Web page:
Last week I had the honor of joining a delegation of elected officials and leaders in the Latino LGBTQ community from Chicago and New York in a historic trip to Puerto Rico.
The purpose of the trip was to join in solidarity with the people in Puerto Rico after the tragic loss of Jorge Steven Lopez Mercadoa young gay man 19 years of age who was brutally murdered Nov. 13, 2009, in a hate crime triggered by homophobiaand to ensure that this crime is treated as a hate crime and to further call for the human rights of LGBTQ members on the island. The delegation also presented the family of Jorge a check for nearly $4,000 they raised from holding fundraisers in both cities as well as a hate-crimes resolution honoring Jorge that was introduced by Chicago Ald. Manny Flores. The delegation was led by four powerful Latina women, who I now hold dear to my heart: Illinois State Senator Iris Y. Martinez, D-Chicago; Illinois State Rep. Maria "Toni" Berrios, D-Chicago; New York City Council Speaker Christine Quinn; and New York City Councilwoman Melissa Mark-Viverito.
This being the first time I ever visited my family's homeland I was filled with a smorgasbord of emotions ranging from excitement and joy to fear and shame. Our first full day there began with a press conference held at the Colegio de Abogados, home to the Puerto Rico Bar Association. Pedro Julio Serrano, manager of communications of the National Gay and Lesbian Task Force in New York and founder of Puerto Rico Para Tod@s ( for All ) , New York, opened the conference by saying, "We hope this visit shows that the Puerto Rican LGBT community is not alone, and lets the family of Jorge Steven know that they are not alone either." "This is a historic trip, in which the solidarity from our brothers and sisters from New York City and Chicago will send a powerful message of love that conquers hate," Serrano said.
Illinois State Sen. and the Democratic National Committee's Hispanic Caucus Chairwoman Iris Martinez, said, "We need to raise awareness that these ( hate ) crimes are not acceptable. We cannot remain seated without taking action. We want a world of acceptance." Martinez added, "Any harm that you cause to any member of the LGBT community is as if you are doing it to me." "For me it is personal because they are family." State Rep. Toni Berrios echoed Martinez's statement and added, "We must move away from the word 'tolerance.' We must work towards acceptance of LGBT people."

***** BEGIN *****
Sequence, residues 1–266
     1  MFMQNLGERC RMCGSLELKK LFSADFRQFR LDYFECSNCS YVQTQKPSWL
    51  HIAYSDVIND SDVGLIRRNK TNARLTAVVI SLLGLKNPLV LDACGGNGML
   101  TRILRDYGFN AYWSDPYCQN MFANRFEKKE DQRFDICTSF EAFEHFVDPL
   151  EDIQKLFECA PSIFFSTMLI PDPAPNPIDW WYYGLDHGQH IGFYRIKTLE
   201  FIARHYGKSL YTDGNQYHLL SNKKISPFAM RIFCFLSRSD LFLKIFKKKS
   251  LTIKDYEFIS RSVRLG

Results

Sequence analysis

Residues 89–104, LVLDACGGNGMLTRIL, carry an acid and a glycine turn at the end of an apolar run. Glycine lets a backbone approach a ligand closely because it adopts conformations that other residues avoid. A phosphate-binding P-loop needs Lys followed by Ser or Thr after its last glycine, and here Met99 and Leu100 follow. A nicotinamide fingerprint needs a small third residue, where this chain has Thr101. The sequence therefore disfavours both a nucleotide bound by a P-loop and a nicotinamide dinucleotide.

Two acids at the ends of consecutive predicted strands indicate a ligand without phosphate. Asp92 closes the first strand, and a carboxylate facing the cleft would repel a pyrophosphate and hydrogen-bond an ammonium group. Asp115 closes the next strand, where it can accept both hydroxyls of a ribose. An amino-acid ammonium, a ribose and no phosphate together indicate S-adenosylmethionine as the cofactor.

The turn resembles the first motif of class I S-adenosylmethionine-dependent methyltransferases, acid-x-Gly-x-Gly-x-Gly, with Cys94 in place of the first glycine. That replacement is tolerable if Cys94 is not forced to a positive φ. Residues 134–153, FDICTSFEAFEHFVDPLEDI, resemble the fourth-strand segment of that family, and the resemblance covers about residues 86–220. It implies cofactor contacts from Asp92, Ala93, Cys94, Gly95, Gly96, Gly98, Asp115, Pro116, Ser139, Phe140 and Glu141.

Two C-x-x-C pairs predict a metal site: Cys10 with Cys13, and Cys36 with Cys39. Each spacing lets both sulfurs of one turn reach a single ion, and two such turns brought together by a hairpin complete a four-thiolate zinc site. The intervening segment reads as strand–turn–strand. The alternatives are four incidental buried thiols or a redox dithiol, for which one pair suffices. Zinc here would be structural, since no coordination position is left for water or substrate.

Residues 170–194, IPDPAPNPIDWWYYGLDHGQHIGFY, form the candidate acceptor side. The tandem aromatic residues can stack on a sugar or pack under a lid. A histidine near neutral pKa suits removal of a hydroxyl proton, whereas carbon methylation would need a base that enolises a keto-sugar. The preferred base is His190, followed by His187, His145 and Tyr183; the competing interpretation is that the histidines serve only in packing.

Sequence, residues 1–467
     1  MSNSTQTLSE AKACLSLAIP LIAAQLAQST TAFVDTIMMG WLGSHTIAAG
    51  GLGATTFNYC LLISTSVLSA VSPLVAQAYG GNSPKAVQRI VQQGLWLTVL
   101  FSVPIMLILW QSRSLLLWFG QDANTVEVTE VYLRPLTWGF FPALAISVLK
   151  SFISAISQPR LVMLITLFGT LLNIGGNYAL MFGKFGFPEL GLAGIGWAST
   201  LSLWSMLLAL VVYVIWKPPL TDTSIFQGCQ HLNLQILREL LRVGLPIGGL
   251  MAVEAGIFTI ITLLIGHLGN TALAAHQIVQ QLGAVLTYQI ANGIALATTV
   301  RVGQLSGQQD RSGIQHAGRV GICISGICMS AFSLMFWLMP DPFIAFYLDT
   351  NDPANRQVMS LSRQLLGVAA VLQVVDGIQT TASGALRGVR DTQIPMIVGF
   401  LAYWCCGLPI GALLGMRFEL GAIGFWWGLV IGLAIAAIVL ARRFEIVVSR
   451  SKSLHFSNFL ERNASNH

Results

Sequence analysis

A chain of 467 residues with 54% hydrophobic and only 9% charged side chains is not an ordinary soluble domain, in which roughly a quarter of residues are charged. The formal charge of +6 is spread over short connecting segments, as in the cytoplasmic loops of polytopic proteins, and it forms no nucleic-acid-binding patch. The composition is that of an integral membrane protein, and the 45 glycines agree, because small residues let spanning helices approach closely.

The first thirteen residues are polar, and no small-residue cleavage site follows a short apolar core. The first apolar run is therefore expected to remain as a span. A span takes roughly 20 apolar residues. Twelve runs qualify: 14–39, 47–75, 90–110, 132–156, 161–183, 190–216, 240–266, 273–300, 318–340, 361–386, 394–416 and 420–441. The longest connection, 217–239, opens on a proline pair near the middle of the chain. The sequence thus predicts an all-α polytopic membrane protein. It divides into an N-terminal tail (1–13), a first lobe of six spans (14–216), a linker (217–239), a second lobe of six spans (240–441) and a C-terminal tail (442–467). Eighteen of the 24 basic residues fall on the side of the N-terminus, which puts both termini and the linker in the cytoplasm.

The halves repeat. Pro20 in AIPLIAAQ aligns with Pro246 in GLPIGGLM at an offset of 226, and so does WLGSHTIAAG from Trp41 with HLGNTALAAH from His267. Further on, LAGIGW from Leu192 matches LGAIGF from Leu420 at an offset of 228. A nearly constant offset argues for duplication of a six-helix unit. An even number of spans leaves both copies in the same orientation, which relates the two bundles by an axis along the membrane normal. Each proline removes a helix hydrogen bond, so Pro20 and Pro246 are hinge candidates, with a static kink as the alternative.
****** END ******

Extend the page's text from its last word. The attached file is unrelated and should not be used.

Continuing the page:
After the press conference we all went to lunch at one of the best little restaurants in Puerto Rico, La Casita Blanca ( the little white house ) , before heading of to the Capitol Building to meet with lawmakers and local LGBT organizations and activists. La Casita Blanca was like going to my grandmother's house for lunch. The food was as traditional as you can get. If you ever go to the island, La Casita Blanca is a must-do.
Now that everyone is in a food coma we leave to the Capital Building in San Juan. There we accompanied Sen. Martinez as she received an award of recognition for the Puerto Rican Senate. This was a proud moment for the Chicago delegation. Afterwards we were escorted to another building were the delegation had a meeting with senators and representatives from the legislative assembly to discuss our concerns regarding the matters of hate crimes and the lack of the lawmakers' intervention. "The governor is not responding appropriately at all to the murder," Quinn said prior to the trip. "And the Senate president made outrageous comments about the victim. We would hope to see an apology. And we want to send a message to the governor to do the right thing." This was productive and well-attended, and received a significant amount of media attention.
The next stop was to meet with the family of Jorge Steven Lopez Mercado back at the Colegio de Abogados. When we arrived we were told the meeting was postponed because the mother was not ready to meet with the delegation and may not have to strength the meet with us. When I heard that feeling of guilt and shame came over me. I asked myself, who are we really doing for? I felt as even though the intention of this delegation was good the impact was the total opposite. Were we re-traumatizing Jorge's mother? Here is a woman whose eldest child was brutal murdered for living true to his self and is now having to see the trail of your son's murderer played out on international television day after day. Now she is expected to meeting a large delegation of elected official and LGBTQ leaders who she has never heard of until after the death of her child. I know, this is all my own stuff. Well needless to say she still mustered up the strength to meet us at a restaurant in Old San Juan later that evening.